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nov 13 Subjugated Sexualities .pdf
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Department
Social Science
Course
SOSC 1920
Professor
Elizabeth Brule
Semester
Fall

Description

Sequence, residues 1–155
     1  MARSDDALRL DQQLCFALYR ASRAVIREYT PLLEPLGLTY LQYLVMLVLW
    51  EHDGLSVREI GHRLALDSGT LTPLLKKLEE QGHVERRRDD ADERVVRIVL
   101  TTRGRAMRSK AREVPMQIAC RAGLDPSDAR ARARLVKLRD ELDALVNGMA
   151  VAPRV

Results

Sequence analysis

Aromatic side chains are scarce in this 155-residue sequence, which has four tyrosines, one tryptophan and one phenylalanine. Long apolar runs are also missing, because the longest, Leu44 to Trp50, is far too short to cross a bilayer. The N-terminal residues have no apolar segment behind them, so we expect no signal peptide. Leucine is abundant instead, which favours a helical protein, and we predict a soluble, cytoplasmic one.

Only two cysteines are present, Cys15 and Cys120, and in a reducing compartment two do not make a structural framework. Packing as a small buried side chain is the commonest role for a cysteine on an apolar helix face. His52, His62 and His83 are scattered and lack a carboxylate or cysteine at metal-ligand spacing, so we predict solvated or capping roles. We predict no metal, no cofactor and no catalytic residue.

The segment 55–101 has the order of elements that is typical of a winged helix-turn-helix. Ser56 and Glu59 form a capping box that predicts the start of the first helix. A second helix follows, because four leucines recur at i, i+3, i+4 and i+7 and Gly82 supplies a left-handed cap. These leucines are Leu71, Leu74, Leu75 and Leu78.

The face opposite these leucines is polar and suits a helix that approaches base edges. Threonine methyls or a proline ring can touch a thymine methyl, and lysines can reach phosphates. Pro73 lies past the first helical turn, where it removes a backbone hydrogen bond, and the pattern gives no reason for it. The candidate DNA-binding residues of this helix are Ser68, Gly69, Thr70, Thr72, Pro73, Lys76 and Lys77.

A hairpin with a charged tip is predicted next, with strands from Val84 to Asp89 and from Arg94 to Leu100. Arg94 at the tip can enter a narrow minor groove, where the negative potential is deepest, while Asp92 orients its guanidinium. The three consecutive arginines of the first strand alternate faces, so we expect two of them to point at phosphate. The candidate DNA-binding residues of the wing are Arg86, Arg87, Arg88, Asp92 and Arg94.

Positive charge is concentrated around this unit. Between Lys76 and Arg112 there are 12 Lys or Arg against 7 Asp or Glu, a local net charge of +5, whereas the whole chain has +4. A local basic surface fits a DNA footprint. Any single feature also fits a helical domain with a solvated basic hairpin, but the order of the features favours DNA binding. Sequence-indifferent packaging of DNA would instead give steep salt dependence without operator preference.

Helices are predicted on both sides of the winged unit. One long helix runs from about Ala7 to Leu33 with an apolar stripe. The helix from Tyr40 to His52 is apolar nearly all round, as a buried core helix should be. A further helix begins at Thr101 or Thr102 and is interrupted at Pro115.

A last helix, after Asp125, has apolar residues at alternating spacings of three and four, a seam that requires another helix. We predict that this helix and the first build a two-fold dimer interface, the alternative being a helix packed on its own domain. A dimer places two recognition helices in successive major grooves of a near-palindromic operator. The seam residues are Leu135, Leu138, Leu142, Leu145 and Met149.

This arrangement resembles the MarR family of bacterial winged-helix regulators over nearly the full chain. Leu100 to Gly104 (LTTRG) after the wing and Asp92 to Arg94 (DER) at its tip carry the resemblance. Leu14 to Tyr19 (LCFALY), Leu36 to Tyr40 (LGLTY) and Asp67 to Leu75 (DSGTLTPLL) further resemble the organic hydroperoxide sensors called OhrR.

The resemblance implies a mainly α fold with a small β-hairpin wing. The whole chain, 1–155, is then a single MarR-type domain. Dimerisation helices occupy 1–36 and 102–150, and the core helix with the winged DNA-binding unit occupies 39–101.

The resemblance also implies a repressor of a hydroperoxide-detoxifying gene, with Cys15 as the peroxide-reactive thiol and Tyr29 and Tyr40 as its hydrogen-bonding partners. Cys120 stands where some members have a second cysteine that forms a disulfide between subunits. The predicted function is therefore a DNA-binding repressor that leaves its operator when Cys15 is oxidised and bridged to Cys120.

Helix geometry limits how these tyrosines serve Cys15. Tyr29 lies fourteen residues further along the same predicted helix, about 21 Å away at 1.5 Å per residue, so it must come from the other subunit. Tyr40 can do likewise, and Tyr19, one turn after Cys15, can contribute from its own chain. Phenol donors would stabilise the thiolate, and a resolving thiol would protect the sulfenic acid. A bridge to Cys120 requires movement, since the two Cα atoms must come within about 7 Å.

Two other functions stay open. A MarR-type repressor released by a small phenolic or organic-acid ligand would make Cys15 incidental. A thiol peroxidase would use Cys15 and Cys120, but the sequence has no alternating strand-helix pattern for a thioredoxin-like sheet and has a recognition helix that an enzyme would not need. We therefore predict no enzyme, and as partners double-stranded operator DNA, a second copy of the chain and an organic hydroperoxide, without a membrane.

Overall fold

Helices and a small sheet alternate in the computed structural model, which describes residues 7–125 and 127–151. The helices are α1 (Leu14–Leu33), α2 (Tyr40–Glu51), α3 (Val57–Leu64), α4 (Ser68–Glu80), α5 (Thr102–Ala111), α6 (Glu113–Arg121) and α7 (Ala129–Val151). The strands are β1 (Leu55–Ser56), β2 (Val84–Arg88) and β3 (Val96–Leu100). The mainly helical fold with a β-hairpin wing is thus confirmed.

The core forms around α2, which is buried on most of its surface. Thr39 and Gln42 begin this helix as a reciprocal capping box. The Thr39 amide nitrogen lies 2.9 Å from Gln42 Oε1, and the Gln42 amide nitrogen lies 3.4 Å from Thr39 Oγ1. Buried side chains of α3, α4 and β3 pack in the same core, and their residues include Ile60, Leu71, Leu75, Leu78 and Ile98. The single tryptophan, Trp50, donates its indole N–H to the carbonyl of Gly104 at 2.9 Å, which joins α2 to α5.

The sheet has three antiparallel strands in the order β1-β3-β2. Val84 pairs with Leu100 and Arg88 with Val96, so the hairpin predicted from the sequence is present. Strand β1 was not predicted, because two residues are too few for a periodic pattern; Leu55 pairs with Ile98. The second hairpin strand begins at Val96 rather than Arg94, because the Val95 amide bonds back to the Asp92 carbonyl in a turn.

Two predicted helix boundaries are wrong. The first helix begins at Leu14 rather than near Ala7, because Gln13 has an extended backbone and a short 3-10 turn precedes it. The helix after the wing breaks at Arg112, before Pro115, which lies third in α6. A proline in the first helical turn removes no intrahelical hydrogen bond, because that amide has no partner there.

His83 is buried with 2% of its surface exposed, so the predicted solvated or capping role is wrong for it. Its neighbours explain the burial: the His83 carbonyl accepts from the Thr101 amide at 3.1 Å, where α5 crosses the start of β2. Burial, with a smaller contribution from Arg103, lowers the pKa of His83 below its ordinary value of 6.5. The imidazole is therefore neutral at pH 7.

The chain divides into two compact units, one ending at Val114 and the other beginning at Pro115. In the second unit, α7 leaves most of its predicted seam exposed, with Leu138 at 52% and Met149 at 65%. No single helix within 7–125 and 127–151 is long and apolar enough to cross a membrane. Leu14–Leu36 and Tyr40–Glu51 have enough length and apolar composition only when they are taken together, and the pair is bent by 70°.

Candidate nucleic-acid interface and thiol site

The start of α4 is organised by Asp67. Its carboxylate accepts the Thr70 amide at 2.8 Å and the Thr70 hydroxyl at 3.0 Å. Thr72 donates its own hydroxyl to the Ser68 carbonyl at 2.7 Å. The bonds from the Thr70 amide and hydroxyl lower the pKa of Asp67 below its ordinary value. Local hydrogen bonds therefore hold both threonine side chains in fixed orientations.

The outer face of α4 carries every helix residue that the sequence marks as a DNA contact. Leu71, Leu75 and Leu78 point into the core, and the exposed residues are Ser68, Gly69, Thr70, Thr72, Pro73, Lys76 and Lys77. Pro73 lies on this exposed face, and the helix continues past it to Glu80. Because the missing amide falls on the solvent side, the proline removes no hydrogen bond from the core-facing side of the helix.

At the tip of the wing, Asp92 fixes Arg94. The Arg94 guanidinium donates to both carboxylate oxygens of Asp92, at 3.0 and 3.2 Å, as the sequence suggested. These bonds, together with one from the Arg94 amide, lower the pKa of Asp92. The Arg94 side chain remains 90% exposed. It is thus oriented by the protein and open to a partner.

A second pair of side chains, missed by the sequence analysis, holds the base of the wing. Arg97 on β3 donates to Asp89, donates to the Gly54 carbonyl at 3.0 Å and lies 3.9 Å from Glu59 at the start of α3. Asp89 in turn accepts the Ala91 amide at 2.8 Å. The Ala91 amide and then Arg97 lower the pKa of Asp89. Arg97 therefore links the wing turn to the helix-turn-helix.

▯ 13. Subjugated Sexualities Readings:Adrienne Rich, “Compulsory Heterosexuality” [KIT]. Patricia Gagné, Richard Tewksbury & Deanna McGaughey, “Coming out & Crossing Over: Identity Formation and Proclamation in a Transgender Community” pp. 59-72 [Reader]. ▯ [59] • Social scientific focus on transgendered individuals has derived from an interest in understanding deviation from the normal and natural two sex system • Focused primarily on issues of sex and gender • Transgenderism refers to the lives and experiences of diverse groups of people who live outside normative sex/gender relations • Persons who enact alternative gender presentations or who have internalized alternative gender identities are referred to as transgenderists • Most masculine to feminine transgenderists conform to traditional beliefs about sex and gender, whereas a minority attempt to step outside the gender binary by defining themselves in non gendered or multiply gendered ways • They must confess their transsexualism in ways that adhere to medical models in order to proceed from one sex to the other • Similarly most transsexuals adhere to beliefs that their desires to live as a women were the result of biological mistakes that left them as feminine persons in male bodies [60] • Rather than choosing to live as feminine males, they opt to cross over to full time womanhood • Sexually active transgendereists must recognize, tolerate and learn to accept an alternative gender identity; develop a repertoire of coping strategies to manage public presentations of gender; and, in some cases, manage the actual transformation of permanent identity and anatomy • Whether gender transformation is temporary or permanent et sense that on really is the sex associated with the gender portrayed involves a reexamination of sexual identity For transgenderists the discovery of a sexual identity or a sense of who the individual is as a • sexual person, frequently occurs within a sex/gender system • Doesn't address sexual issues among those whose sex ad gender do not fit within the binary system • As gender and or sex changes, the subjective and social meanings of sexual interactions are also transformed • Lesbians, gay men and bisexuals are able to carefully control information dissemination, transgenderists must manage both their actual and virtual social identities on three dimensions • Transgenderists provide an opportunity to examine the private and public dimensions of achieving a new gender through interaction with others and the emergence and management of alternative sex gender and sexual identities. Method • Masculine to feminine • Transgenderism is an umbrella term that encompasses a variety of identities including transsexual; fetish and not fetishistic cross dresser, grad queen and hoer terms as devised by individuals who live outside the dominant gender system • Transsexuals are people who believe themselves to be female and who wish to be or do live full time as women • Preoperative transsexuals are those who desire to have, but have no yet has SRS. Post operative transsexuals are those who have had SRS • • Non operative transsexuals are those who live fulltime or nearly full time as women but who do not have or wish to have SRS • Availed themselves of other medical and cosmetic procedures(female hormones, breast implants, electrolysis [61] • ⅓ before age of 10 felt desire to become or girl or believed they were a girl • Some people used transgenderism to challenge binary assumptions about sex, gender and sexuality • Challenge the idea that gender is a natural expression of sex and sexuality (radical transgednerists - anatomical heterosexual male person with a masculine gender identity, who uses cross dressing as a means to express feminine aspects of self and to challenge tractional binary conceptualizations of sex, gender and sexuality) • Ambigenderist - an individual who lives alternatively as a man and a women and who believes that categories of sexual orientation do not exist and that sexually is a spectrum ---third gender • Desire to be able to publicly present both aspects of self as a combination of both genders Resisted categorizing themselves according to sexual identity • • Emphasize desire to eliminate existing system of gender, rather than just their own gender [62] Early Transgendered Experiences Begin feeling either their sex or gender was wrong or did not fit for them • • Gender constancy - a sense that a persons gender is permanent aspect of self, acquired between ages of 3-5 • Feminine behaviors a feelings of being or wanting to be girls created confusion for young children and adolescents, particularly when stye received messages that hey could not be or act that way • Transsexuals and crossdressers, one way of making sense of the incongruity between sex and gender was to explore whether a feminine boy might actually be able to become a girl Most children, clothing and other expressions of gender are signifiers of maleness and • femaleness • Among transsexuals, confusion over gender, desires to be female, or feelings of being female were commonly reported in children and over the life course [63] • As children advance beyond the toddler sage, theyre pressured by adults and other children to recognize and adhere to traditional conceptualizations of gender and conform to masculine stereotypes • Pressure to conform to the gender binary were often based on homophobic assumptions about gender deviants Trying to act and fit into stereotypes created confusion about identity and internalized sense of • deviance and sequin strong self loathing • As children begin to understand the binary gender system,, they become ashamed of feminine or transgendered feelings, learn to hide their behaviors and become confused about who they are and how they fit into the world Coming Out to One’s Self • Coming to terms with identity is drive by three factors: • events that inform them that to feel as they do is wrong Finding that there are names for their feelings • • Leaning that there are others who have had similar experiences • Search for authenticity is a motivating factor in the desire to resolve identity [64] Because of the centrality of community in the formation and legitimation of identity, the efforts • of transgednerists to find and express a true self are mitigated by their contacts with the trangendered world, just as they are affected by the dominant culture • When individuals fail to adhere to the gender binary, they are often told they are wrong or bad, so they tend to initially think of themselves as sick or deviant until they find similar others who have rejected stigma----resulting in self recognition and alined themselves with new potential identities • The refinement and adoption of relatively stable identities occurred within the possibilities offered by the transgender subculture, which has been heavily influenced by medical models of transgenderism • Derogative moments from family members seemed to affect the self esteem and self concept more than insults from peers and other non relatives Transsexuals tended to react to negative messages by being hyper masculine • [65] • Throughout childhood, adolescence, and early to mid adulthood most transgenderists in our study experienced shame and confusion for not being ‘right’ The socially constructed aspects of reality were so strong that believing they were born with • the wrong genitals seemed more plausible than violating the gender binary • They experienced social sanctions and pressures to conform to dominant conceptualizations of gender Most commonly the triggering event for acceptance of an identity came when, either • accidentally or intentionally, the individual encountered others who served as symbols for available identities • Finding role models and formulating an identity outside the gender binary is virtually impossible • Alternative identities were restricted to those available within the gender binary, usually found among those who had crossed from one gender to the only other one known to be legitimately available • Finding others who felt as they did he